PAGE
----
In its immediate wake, many wondered whether civilization as it had hitherto existed (Western civilization or civilization at large) could still exist or function after such crimes. The critic Theodor W. Adorno observed in 1949 that no one could write poems after Auschwitz. That did not sound like an overreaction at the time but a self-evident truth. Inasmuch as civilization, among whose glories is poetry, could go on or be allowed to go on, it had to be rebuilt on a total rejection of the Holocaust and what had led to it. And by implication, it had to be rebuilt on a thorough knowledge of the Holocaust as an event and as a process. “Broadly disseminated through virtually every medium of Western culture for decades,” Rosenfeld writes, “knowledge of the Holocaust was believed to nullify any prospect of its return.”

But what if Never again was just a passing fancy? What if, even more perversely, Holocaust memories and pieties, and even Holocaust studies, have now been interwoven into the new mantras used to justify anti-Semitism? What if evil—if not the devil, to use Goldhagen’s metaphor—has outsmarted civilization and used its efforts to recivilize Europe and harness anti-Semitism to its own end? Was it utterly naive to believe, as so many people did, that an unprecedented shock—first delivered in the spring of 1945 by the images of the Nazi camps released in American movie theaters and elsewhere on the personal orders of General Dwight D. Eisenhower—would precipitate a lasting moral reset?

It would appear so. For anti-Semitism is back with a vengeance, and the longing for, or the actual planning of, a second genocide of the Jews is now in vogue in the Islamic world and in other parts of the world. “How aggressive this new anti-Semitism is likely to get and, ultimately, how destructive it will be if it proceeds unchecked, are open questions,” Rosenfeld remarks. “Precisely because no certain answers are available, these questions evoke a sense of unease” that “converts the resolute power of ‘Never again’ to its unnerving opposite—‘Ever again!’”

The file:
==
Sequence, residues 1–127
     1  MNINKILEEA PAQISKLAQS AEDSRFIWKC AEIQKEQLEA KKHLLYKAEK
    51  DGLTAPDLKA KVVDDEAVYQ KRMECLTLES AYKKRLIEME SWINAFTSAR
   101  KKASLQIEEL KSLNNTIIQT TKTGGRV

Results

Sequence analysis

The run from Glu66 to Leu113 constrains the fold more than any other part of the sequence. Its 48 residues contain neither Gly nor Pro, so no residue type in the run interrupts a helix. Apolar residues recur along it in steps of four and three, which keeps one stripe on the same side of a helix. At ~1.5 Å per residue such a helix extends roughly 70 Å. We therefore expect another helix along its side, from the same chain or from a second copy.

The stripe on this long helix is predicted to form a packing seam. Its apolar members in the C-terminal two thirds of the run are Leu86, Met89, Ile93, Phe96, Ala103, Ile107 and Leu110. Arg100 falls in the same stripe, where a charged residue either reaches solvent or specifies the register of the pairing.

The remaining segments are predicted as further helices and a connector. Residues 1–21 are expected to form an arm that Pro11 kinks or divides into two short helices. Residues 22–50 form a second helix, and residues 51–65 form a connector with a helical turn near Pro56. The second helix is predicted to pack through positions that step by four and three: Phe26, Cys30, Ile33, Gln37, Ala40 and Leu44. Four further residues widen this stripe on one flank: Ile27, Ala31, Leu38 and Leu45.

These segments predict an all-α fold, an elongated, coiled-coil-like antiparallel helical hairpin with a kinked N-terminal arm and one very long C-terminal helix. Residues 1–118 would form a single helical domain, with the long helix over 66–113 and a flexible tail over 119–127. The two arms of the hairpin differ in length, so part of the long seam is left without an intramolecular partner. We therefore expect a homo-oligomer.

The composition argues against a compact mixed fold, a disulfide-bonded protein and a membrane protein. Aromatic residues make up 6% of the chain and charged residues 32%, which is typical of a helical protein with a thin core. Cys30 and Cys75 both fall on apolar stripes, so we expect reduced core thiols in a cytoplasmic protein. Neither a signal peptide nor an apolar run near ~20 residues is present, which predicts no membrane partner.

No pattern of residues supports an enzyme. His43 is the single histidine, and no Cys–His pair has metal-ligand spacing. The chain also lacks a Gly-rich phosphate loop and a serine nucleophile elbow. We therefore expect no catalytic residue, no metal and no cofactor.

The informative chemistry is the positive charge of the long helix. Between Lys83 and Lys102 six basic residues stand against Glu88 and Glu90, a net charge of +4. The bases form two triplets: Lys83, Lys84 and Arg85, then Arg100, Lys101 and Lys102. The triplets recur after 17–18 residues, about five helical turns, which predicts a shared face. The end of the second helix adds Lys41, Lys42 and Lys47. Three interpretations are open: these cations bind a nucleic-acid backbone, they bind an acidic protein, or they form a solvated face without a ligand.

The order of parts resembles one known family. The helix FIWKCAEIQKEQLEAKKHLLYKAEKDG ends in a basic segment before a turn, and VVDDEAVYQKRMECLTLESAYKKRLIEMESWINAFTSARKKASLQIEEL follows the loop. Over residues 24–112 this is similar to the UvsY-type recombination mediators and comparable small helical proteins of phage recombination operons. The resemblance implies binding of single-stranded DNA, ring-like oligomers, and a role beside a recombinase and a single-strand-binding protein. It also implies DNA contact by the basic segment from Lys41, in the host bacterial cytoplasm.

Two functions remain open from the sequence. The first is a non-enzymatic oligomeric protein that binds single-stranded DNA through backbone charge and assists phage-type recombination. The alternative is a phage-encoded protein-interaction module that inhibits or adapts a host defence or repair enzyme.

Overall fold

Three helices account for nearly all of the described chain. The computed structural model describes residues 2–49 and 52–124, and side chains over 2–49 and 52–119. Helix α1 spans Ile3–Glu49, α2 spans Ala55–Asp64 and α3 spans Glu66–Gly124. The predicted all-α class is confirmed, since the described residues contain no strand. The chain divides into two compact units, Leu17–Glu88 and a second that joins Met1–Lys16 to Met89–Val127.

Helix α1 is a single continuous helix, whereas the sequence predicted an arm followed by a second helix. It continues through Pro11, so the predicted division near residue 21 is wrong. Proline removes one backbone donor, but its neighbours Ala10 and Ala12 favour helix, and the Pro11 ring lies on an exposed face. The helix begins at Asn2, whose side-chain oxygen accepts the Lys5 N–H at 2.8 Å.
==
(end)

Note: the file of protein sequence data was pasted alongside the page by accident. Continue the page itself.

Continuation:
Daniel Goldhagen won instant celebrity in 1996 with Hitler’s Willing Executioners, a book that took off from the findings of Christopher Browning’s Ordinary Men. Browning had investigated the background and behavior of Reserve Police Battalion 101, an auxiliary German unit involved in anti-Jewish genocidal activities in Poland. He concluded that they were neither fanatic youths like the SS troopers nor hapless draftees remolded by steel discipline, as were the Wehrmacht fighters, but just average, middle-age Germans doing their part for the Fatherland on noncombat missions. Browning focused especially on these facts: that the Battalion men’s tasks included mass murder, that their superiors had told them about it beforehand (and that they were free to leave if this was beyond them), and that most of them simply agreed to go ahead with the killing.